VICTORY: Leftist Russell Moore leaving ERLC

Russell Moore leaving the ERLC

Though a victory is won, the battle continues. The war goes on. To borrow from Winston Churchill, “This is not the end. It is not even the beginning of the end. But it is, perhaps, the end of the beginning.”

The man at the vanguard pulling the Southern Baptist Convention (SBC) leftward is leaving the Ethics and Religious Liberty Commission (ERLC). Russell Moore announced he is joining Christianity Astray, err Christianity Today—the Leftist, Never-Trump radicals masquerading as the heirs and thought leaders of Evangelicalism.

“I am excited today to accept the invitation from Christianity Today to join their team as public theologian and as director of a new venture, the Christianity Today Public Theology Project, which is devoted to cultivating a forward-looking, joyful, consistent gospel witness,” Dr. Moore said on his website.

Russell Moore was welcomed to the radial, pro-impeachment and Never Trump Christianity Today by its CEO, who called Dr. Moore “one of the most significant evangelical voices of our time.”

This is no doubt true. After all, it is true that Benedict Arnold was one of the most significant generals of the American Revolution.

This is good news for conservative Southern Baptists. However, it is not the end.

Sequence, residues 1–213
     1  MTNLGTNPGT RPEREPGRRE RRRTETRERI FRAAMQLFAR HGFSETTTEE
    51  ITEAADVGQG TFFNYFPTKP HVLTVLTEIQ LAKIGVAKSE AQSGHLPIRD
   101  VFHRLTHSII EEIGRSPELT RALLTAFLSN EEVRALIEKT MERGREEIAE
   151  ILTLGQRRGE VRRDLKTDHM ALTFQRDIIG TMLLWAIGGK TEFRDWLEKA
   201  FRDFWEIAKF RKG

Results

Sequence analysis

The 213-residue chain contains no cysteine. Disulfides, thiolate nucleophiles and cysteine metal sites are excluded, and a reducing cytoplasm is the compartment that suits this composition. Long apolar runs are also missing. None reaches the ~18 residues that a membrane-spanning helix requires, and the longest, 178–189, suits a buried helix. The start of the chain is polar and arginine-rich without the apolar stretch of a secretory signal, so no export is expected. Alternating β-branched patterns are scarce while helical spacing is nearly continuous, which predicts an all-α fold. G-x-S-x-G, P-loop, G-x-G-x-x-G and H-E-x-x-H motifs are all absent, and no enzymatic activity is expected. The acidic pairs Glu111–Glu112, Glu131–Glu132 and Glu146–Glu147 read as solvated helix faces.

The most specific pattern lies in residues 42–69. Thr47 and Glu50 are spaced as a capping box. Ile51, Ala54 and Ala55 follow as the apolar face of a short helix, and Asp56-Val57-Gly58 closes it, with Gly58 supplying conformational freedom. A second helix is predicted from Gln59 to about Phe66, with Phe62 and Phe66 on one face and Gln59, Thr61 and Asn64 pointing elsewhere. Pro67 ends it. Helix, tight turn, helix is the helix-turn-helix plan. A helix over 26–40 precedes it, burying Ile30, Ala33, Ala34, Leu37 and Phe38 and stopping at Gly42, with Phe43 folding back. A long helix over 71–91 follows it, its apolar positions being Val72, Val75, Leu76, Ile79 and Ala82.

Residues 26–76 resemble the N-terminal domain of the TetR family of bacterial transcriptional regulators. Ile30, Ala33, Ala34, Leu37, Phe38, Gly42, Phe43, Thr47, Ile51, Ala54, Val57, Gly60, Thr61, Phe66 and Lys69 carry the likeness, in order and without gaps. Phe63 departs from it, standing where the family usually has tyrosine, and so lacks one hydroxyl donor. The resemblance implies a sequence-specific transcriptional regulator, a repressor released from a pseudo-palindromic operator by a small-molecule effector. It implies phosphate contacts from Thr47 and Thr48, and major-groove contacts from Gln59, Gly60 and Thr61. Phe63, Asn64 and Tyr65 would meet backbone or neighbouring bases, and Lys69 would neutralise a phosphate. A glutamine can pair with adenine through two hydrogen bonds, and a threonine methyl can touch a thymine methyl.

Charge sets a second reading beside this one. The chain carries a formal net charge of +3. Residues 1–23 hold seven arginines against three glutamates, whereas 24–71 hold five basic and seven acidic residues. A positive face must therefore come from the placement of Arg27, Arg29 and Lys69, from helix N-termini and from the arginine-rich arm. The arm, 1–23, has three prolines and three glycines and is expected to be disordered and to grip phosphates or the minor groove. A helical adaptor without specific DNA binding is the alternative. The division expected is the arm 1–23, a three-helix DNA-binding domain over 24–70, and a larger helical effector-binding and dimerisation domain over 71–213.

The battle is not over. Dr. Moore’s statement tells you why.

“Moreover, I am thankful to the board of trustees at the ERLC who labored with me, loved me, supported me, and stood with integrity and conscience. I will be grateful to them for as long as I live,” Dr. Moore said.

Yes. The ERLC trustees are as wicked, feckless and responsible for the rise of Critical Race Theory as Russell Moore.

After all, it was the ERLC trustees who sided with Russell Moore and against the ERLC Study Committee led by SBC Presidential candidate Mike Stone. (Remember, the report chronicled how the ERLC was dividing the Southern Baptist Convention and harming the Great Commission work by the ERLC’s promotion of racial identity politics.)

Russell Moore was only a very public representation of the theological rot and progressive politics infecting the Southern Baptist Convention. The ERLC is ground zero of this rot.

The theological illness requires a conservative president. That must happen in Nashville. Or, the future of the Southern Baptist Convention will see only another, perhaps less recognizable, leftist leading the ERLC.

Now is the time to double our effort. The opportunity to rescue the Southern Baptist Convention is at hand.